First and foremost, my version uses fresh tomatoes from the farmers market rather than canned plum tomatoes. Don't get me wrong- canned plum tomatoes are the way to go if you're talking canned tomatoes. But its summer and there is beautiful produce at the farmers market calling our names! But, if you make this in the winter when fresh tomatoes aren't available, feel free to substitute a 28 oz. can of plum tomatoes for the fresh tomatoes used here.

Secondly, I've added a couple more vegetables to the dish: mushrooms and spinach. It may be a less traditional version, but adding these extra veggies makes the freshness of the dish really pop. And, since there are five mouths to feed in our house, the larger size of the dish ensures that we are all pleasantly satiated:)

spinach, mushroom, and feta shakshuka

3 tablespooons extra-virgin olive oil
1 large onion, finely diced
1 large red bell pepper, seeded and roughly diced
4 garlic cloves, minced
1 teaspoon ground cumin
1 teaspoon sweet paprika
1/8 teaspoon cayenne, or to taste
7-8 medium tomatoes
8-10 baby bella mushrooms, chopped
2 handfuls of spinach
3/4 teaspoon salt
1/4 teaspoon pepper
1 1/4 cups crumbled feta
5 large eggs (or, the number of however many people you are serving)
Cilantro, for garnish

Heat the oven to 275 degrees. Heat the oil in a large, oven-proof skillet or casserole over medium-low heat. Add the onion and bell pepper. Cook gently until very soft, about 20 minutes. Add the garlic and cook until tender, one to two minutes. Stir in cumin, paprika, and cayenne, and cook for one minute. Pour in the tomatoes and season with salt and pepper. Add the mushrooms and simmer until the tomatoes have thickened, about 20 minutes (or about 10 if you are using canned tomatoes). Stir in the spinach and crumbled feta. Gently crack the eggs into the skillet over the tomatoes. Season with salt and pepper. Transfer the skillet to the oven and bake until the eggs are just set, 7 to ten minutes. Sprinkle with cilantro and serve with hot sauce.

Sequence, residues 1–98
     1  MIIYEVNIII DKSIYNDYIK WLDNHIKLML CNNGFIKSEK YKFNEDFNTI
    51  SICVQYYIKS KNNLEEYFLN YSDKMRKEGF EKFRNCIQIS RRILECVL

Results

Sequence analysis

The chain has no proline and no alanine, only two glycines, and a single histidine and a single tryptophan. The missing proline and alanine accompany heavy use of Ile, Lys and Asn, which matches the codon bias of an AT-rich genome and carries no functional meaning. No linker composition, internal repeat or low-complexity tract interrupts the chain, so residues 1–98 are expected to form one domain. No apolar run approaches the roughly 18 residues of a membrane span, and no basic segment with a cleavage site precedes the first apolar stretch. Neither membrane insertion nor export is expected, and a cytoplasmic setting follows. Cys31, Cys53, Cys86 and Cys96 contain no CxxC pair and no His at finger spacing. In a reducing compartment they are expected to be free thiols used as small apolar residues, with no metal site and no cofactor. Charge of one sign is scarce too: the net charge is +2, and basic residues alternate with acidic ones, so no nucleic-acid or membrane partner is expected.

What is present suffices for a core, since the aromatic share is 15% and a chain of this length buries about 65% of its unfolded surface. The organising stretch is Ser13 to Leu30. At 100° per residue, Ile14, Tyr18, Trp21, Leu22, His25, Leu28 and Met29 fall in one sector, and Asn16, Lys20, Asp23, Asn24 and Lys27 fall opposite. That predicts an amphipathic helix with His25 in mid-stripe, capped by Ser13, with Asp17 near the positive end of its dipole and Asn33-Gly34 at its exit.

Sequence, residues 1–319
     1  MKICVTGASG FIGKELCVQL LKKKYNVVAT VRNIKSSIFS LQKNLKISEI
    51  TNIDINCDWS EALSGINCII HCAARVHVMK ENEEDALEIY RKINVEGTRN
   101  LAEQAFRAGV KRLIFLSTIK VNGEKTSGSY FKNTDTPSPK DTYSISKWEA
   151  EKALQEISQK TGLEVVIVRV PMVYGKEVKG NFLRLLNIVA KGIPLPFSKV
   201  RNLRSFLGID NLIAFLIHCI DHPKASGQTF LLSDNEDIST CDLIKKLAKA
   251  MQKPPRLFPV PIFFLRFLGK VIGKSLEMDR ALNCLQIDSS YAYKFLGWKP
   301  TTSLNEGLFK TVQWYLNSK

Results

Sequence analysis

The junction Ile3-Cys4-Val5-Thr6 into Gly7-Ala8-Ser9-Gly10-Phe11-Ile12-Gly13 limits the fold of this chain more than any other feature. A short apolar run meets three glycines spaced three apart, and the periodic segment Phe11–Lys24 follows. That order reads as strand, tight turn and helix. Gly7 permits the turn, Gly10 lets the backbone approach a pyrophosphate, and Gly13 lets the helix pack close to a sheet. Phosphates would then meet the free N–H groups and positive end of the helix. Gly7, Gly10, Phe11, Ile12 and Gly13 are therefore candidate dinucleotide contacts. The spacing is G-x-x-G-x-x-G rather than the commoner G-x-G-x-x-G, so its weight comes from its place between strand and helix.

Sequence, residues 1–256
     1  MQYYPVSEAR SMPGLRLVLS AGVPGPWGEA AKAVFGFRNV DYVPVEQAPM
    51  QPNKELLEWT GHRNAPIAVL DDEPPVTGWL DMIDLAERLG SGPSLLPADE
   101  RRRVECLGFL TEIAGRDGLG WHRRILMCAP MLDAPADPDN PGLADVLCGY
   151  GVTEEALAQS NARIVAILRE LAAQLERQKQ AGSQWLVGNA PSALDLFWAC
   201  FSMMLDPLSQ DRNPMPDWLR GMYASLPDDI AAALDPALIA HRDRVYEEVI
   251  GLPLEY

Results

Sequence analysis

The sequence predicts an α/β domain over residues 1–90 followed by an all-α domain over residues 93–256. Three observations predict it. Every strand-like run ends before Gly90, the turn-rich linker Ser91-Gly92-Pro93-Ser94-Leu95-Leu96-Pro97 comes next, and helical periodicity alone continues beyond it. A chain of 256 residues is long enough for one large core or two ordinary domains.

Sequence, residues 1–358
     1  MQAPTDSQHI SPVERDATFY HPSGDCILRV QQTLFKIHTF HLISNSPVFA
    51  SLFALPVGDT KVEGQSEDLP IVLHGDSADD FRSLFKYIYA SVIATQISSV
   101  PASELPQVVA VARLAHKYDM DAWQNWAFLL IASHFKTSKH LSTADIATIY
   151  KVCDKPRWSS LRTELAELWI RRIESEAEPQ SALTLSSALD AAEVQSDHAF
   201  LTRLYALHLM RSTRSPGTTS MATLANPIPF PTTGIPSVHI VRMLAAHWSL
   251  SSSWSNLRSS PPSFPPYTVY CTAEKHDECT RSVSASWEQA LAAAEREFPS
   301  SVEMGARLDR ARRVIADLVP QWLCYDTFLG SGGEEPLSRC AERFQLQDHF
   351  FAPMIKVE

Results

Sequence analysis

A few weeks back, I was clicking through some of my favorite design blogs and found myself purchasing tickets to DesignLoveFest's Floral Workshop. Hosted by DesignLoveFest & MoonCanyon,
the workshop was a perfect way to jumpstart into practicing/playing with flower design for our blog. The event was so charming - filled with beautiful stems, delicious savories and a mimosa bar to top things off! I highly recommend participating if you're looking to change up your weekend routine.

We started with an empty vase and filler greens like Sage and Geranium. The greens created a really lovely background for the large dahlias we eventually used.

Next we placed three deep red dahlias into the vase, keeping them lower and to either side. Three stems instead of two or four, are a great way to build balance in any arrangement. 

After the dahlias, we added some fuchsia and lilac colored stems to add height and create movement. 

We finished by adding a few more extra large, fuchsia dahlias. To complement the large flowers, we added aspidistra and fern. I love how all the colors came together. I've never made such a full, unique arrangement. And who wouldn't want to kick off their weekend creating a beautiful vase of fresh flowers? 


Peaches. Mmmm... doesn't it just ring summer?! Ever since classes ended I've been waiting for peach season so that I could make this cake. But, of course, when peaches first came into season, my housemates and I devoured all of them before I could get my hands on them for any baking. As we should have! But now we've slowed our peach-eating rate and I'm able to share this delicious recipe with you!

browned butter peach cake

2 peaches
2 teaspoons lemon juice
1/3 cup plus 1 tablespoon granulated sugar
1/2 cup flour
3/4 teaspoon baking powder
1/2 teaspoon baking soda
1/2 teaspoon salt
1/2 cup brown sugar
2 eggs
1 teaspoon vanilla
1/4 cup greek yogurt

Preheat the oven to 425 degrees. Line a baking sheet with parchment paper and grease. Slice the peaches into eights and toss them in the lemon juice and tablespoon of sugar. Arrange the peaches on the prepared baking sheet and roast for 20 minutes.

While the peaches are roasting, melt the butter in a small sauce pan over medium heat. Once melted, the butter will begin to foam. Stir the butter continuously over the heat until brown flecks being to appear at the bottom, after approximately 2-3 minutes. Watch carefully because the flecks will appear precipitously! Remove the butter from the heat immediately and transfer it to a small glass bowl to avoid burning.

Once the peaches are done roasting, decrease the oven temperature to 350 degrees. Grease a 9-inch cake pan. In a medium bowl, whisk together the flour, baking powder, baking soda and salt. In another medium bowl, whisk together the 1/3 cup sugar, brown sugar, eggs, vanilla, and browned butter. Add the yogurt and stir until blended. Fold the wet mixture into the dry mixture. Spread half of the batter across the bottom of the prepared pan and arrange the roasted peach slices evenly over the batter. Spread the remainder of the cake batter over the top of the roasted peaches. Bake for 15-20 minutes until the cake is golden and a toothpick inserted into the center emerges clean. Serve warm or at room temperature.